With foreclosure being all the rage these days, I thought it would be prudent to include some tips on how to avoid foreclosure in the event that you are underwater on your mortgage or unable to continue making payments.
Luckily, mortgage lenders and servicers have stepped up efforts to help at-risk borrowers modify their existing mortgages, though not everyone in need is getting the help they need for obvious reasons.
This is the most common type of workout being offered via anti-foreclosure efforts like Hope Now. Under this type of workout, a borrower will have delinquent payments added onto the total loan balance in order to bring the loan current.
This isn’t exactly ideal, as you’ll be required to pay your typical monthly mortgage payment plus a certain percentage of the delinquent payment each month. Your lender or servicer will also likely ask for a down payment for a portion of the outstanding debt, and you’ll need to prove you can make the new payments.
Forbearance is a situation whereby the lender or servicer forgives past-due payments to bring the borrower current. To make up for missed payments, the loan payoff schedule is extended by “x” amount of months depending on how delinquent the loan has become.
Deed in Lieu of Foreclosure
In this situation, the delinquent borrower essentially surrenders their property to the mortgage lender in exchange for forgiveness of all mortgage debt. The borrower is able to walk away, though they obviously lose all associated equity in the home.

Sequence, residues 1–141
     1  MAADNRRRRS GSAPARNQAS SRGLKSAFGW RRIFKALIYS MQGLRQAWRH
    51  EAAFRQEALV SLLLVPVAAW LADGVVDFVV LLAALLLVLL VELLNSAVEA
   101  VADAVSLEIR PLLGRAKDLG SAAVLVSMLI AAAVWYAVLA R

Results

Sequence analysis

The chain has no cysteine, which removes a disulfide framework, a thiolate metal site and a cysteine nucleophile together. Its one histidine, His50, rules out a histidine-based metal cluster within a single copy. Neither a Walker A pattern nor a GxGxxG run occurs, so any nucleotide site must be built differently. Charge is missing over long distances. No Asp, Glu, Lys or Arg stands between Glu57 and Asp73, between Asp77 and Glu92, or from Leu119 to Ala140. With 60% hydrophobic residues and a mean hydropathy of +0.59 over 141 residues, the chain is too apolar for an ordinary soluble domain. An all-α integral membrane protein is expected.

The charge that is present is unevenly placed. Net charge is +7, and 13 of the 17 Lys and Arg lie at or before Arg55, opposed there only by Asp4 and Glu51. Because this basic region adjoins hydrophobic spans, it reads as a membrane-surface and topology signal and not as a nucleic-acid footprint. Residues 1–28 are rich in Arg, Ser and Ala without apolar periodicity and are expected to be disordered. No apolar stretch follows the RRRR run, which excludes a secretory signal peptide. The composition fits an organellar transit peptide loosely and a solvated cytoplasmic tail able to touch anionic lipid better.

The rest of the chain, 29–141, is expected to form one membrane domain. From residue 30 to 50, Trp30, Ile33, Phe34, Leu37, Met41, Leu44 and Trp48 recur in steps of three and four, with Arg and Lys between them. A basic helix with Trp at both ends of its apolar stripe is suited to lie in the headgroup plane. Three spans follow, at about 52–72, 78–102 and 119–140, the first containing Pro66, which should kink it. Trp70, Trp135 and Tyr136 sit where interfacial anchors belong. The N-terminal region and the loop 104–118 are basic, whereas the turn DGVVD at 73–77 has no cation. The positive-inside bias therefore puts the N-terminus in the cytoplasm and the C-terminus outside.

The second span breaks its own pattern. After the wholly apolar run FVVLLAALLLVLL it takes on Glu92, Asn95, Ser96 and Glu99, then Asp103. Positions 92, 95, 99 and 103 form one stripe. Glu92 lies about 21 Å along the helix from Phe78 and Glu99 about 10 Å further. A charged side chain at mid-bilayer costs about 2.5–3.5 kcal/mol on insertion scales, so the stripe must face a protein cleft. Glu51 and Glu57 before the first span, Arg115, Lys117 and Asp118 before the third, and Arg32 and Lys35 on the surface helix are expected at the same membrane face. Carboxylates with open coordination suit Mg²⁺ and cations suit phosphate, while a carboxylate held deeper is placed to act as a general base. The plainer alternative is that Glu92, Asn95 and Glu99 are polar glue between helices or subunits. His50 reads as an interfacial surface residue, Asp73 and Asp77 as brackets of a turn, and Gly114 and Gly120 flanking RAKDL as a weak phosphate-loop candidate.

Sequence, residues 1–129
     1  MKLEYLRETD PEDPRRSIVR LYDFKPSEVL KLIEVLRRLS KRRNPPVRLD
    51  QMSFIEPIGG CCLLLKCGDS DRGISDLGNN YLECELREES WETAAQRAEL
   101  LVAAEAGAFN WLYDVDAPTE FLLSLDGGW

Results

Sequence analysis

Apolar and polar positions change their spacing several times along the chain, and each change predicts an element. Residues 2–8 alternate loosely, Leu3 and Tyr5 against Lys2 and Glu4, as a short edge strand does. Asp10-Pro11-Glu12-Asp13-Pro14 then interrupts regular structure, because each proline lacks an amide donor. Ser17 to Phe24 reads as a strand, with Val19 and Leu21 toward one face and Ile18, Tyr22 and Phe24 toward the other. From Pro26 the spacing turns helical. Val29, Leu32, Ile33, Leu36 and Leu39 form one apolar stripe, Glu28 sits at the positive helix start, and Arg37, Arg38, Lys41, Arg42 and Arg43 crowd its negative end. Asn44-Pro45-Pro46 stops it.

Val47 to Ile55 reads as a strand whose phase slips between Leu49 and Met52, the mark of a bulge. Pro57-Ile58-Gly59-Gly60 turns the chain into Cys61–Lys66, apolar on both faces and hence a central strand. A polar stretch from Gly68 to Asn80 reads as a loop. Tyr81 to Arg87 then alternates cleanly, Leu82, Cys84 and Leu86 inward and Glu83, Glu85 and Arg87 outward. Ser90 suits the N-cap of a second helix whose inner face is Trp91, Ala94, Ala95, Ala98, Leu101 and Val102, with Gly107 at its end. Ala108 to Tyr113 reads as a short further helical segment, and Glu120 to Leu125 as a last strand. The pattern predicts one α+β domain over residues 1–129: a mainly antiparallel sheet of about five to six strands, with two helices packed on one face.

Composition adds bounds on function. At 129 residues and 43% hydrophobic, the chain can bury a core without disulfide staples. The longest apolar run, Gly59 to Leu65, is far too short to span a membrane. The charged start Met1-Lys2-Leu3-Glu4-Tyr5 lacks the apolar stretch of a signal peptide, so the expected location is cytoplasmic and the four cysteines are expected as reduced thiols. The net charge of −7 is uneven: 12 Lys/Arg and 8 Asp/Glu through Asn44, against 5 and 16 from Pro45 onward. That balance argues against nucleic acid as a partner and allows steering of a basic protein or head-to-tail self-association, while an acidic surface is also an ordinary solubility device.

These are becoming more common, and are actually rivaling repayment plans now that the mortgage crisis has intensified. A loan modification actually alters the rate and terms of a loan. So if your current monthly payment is unaffordable, the lender may lower your rate to a more sustainable payment for a certain period of time. They may also reduce the principal balance under certain circumstances. This is probably the best solution to avoid foreclosure.
This one only works if you’ve got enough equity in your home to actually qualify for a refinance. The problem is that most borrowers facing foreclosure are already underwater, meaning they owe more on their mortgage than the home is currently worth. If this is the case, a refinance won’t work. But if you’ve got a decent amount of equity in your home, a refinance could quickly solve your problems.
This is simply the act of selling your home before the lender is able to foreclose on your property. In this situation, you’ll typically sell the property for much less than it’s worth in order to avoid foreclosure and protect your credit rating.
A short sale is a situation where the lender agrees to let the delinquent borrower sell the property for less than the existing mortgage balance. The idea here is a lender may be better off taking a minor loss as opposed to a major one if foreclosure proceedings are actually completed.
This is a new approach proposed in the federal housing bill that allows lenders to refinance a delinquent loan at a lower rate and reduce the principal. So even if a borrower is underwater, the loan can be refinanced to a sustainable payment and balance, often at or below 90 percent loan-to-value.
In some cases, it may be possible for a new borrower to assume the original borrower’s outstanding mortgage in exchange for the property in question. This can be difficult because you have to find a willing buyer and go through a rigorous underwriting process that can take several months.
Whatever option you choose, make sure you act fast. All of these solutions take time, so the more you wait, the higher the risk you have of losing your home to foreclosure. Call your lender or servicer as soon as possible if you’re unable to make your mortgage payments.